COVID-19 Vaccines for Undocumented Migrants: Achieving Equitable Access

“No one is safe until everyone is safe”

On 10 July, Commission President Ursula von der Leyen announced in a statement that the EU had received enough vaccine doses to vaccinate 70% of its adult population. She also acknowledged that the virus “is not yet defeated” and that now “member states must do everything to increase vaccinations”, adding “nly then will we be safe.”

This echoes the mantra of the World Health Organisation (WHO) and other international bodies over the last several months that “none of us will be safe until everyone is safe” – a simple statement of the need for solidarity and equity to be at the heart of our collective response to the pandemic, at both the global and national levels.

What about people with irregular residence status?

International and regional public health and human rights bodies have, since the end of 2020, been vocal about the need for inclusive and equitable vaccination schemes, as a matter of public health, fairness and human rights; and have published guidelines about how to achieve this for people with irregular migration status, who have long faced major barriers to accessing health care. Click here for a more detailed picture of existing recommendations.

In Europe, vaccine strategies vary considerably, with wide variation in governments’ approaches to inclusion of undocumented people. Despite important gaps, promising practices have emerged in several countries to promote access by undocumented people and others facing various forms of systemic exclusion to COVID-19 vaccines. Below is an overview of some of those promising practices.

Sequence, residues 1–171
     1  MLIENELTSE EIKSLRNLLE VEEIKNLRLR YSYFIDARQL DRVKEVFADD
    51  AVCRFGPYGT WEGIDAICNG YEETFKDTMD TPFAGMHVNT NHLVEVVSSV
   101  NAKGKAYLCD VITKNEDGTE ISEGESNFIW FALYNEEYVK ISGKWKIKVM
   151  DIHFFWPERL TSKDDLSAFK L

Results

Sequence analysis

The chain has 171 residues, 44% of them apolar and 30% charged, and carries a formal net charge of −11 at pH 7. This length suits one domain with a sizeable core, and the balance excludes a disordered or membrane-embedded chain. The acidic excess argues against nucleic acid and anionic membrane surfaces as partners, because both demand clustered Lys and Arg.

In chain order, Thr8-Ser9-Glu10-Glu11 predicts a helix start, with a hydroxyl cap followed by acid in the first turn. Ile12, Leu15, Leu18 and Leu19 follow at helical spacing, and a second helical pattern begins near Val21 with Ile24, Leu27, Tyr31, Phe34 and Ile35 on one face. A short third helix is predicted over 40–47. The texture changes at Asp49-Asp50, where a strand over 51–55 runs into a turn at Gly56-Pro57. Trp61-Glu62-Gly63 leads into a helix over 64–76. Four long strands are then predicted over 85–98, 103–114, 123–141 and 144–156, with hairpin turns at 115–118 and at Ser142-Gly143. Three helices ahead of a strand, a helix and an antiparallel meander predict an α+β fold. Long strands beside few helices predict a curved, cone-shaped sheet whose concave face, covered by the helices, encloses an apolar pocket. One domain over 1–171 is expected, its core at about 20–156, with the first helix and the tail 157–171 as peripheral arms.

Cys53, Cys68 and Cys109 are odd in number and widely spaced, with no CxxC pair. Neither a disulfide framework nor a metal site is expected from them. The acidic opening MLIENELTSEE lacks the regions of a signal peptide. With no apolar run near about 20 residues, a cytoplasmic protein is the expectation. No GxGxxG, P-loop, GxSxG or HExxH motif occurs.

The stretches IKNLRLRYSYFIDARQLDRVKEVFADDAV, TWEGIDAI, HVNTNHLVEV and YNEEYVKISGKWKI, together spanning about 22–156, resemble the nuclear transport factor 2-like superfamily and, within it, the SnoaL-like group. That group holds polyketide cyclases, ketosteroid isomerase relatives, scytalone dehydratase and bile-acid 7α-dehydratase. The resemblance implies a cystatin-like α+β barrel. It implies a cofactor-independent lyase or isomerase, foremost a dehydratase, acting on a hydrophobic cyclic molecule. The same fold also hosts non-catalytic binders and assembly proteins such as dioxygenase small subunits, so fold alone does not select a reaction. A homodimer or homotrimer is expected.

1. Proactive measures to address legal, practical barriers to access. The United Kingdom announced in February that all UK residents could access the vaccine for free, regardless of their migration status, with only a requirement (for those without a national health number) to register with a general practitioner. This was reflected in official national guidelines. Access has, however, been hampered by fears linked to the “hostile environment” and the fact that most GPs refuse to register undocumented patients because they cannot provide documentation, such as a valid residence permit, even if this is not required by law.